For students at the College, the acronym ICAT equals opportunity. Based in the School of Business, the Interdisciplinary Center for Applied Technology (ICAT) is a progressive initiative that offers students an opportunity to engage in technology entrepreneurship in meaningful ways. One of those ways is ICAT Academy, an eight-to-ten-day session in which students travel to different parts of the world to interview entrepreneurs, learn about their respective businesses and make influential connections. This spring, ICAT Academy visited San Francisco and California’s renowned Silicon Valley.
Professor Chris Starr, who teaches in the Department of Supply Chain and Information Management, is the co-director of the ICAT program. In May, Starr and professor Lancie Alfonso accompanied 12 students to San Francisco to visit founders and employees at 10 different tech companies, including including Facebook, Google, Teradata Labs and NextDoor. This is the fifth trip that Starr has made with students to Silicon Valley.
“ICAT Academy is actually a Maymester course,” explains Starr. “The students earn three credits for this, but the biggest impact involves the insights they gain and the contacts that they make. Most of the individuals we work with to set up these visits are College alumni who are successfully working at these firms in the Bay Area.”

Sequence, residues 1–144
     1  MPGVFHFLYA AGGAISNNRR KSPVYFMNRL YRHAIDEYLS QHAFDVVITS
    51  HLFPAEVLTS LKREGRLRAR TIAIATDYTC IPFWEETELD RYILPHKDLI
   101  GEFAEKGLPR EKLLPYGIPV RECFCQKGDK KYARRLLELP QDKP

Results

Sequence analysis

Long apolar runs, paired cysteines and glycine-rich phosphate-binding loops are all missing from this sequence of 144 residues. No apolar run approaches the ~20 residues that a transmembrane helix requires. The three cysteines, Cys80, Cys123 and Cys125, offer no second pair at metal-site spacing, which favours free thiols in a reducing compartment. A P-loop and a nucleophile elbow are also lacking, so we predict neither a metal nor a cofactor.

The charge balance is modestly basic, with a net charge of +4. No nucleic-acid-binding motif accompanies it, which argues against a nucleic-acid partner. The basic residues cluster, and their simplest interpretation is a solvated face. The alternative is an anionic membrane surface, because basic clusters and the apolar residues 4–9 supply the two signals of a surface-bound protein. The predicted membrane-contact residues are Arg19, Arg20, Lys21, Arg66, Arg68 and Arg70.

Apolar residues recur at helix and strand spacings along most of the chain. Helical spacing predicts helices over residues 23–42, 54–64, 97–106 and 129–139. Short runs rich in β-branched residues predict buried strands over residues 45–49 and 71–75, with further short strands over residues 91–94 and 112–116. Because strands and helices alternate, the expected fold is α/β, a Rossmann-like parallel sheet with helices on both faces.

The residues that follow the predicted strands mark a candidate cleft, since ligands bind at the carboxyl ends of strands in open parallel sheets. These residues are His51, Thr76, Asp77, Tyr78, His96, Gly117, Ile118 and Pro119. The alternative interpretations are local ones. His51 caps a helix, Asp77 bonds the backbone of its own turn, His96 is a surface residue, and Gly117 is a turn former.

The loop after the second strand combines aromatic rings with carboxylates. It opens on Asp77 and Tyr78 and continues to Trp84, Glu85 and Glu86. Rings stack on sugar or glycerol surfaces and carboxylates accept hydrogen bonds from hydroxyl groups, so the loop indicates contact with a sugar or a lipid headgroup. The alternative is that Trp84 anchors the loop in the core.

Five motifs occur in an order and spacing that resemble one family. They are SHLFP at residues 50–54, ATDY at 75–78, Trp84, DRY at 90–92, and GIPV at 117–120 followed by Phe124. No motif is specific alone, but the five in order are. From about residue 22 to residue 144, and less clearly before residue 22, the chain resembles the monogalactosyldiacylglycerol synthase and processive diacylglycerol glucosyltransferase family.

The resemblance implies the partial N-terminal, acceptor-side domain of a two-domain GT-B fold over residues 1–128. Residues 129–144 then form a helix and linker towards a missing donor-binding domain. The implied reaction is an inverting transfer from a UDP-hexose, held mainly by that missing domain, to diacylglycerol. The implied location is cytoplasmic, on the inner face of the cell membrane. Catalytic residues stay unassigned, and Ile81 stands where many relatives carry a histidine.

Networking is just one of the byproducts of this experience. Perspective is another. “The exposure this class gave me to the real world of business and tech was very helpful in dissolving my notion that I am strictly limited to a career in biology,” says Harrison Covington, a biology major who enrolled in ICAT Academy.
Starr is keen to point out that any student can participate in ICAT Academy. “It’s not just for computer science majors,” he explains. “Students from across campus can apply. We use a set of criteria to rank the applicants and based on that, we invite the participants. The overarching goal is to make the program available to more students across campus so that they come to understand the power of technology in business.”
On the trip, explains Starr, the students spent from one to three hours with each firm they visited. Customarily, Starr would introduce each student and then the interview would ensue. Afterward, the students would present a gift to the host, and follow up a day or two later with handwritten thank-you notes. He says some students spent one-on-one time with the hosts after the interview. “The intention was for students to make individual, professional relationships that would spawn internships and job offers.”
The beauty of the ICAT Academy, says Starr, is that it takes experiential learning to a new level. “This is really impact learning,” he explains, “because the relationships these students forge, along with the enlightenment they receive, impacts the directions and decisions that they make upon their return, and perhaps for the rest of their lives.”
The next iteration of ICAT Academy will take place in the summer of 2017 when two trips are planned, one to New York City and another back to San Francisco.
Read more about ICAT Academy on the ICAT program website.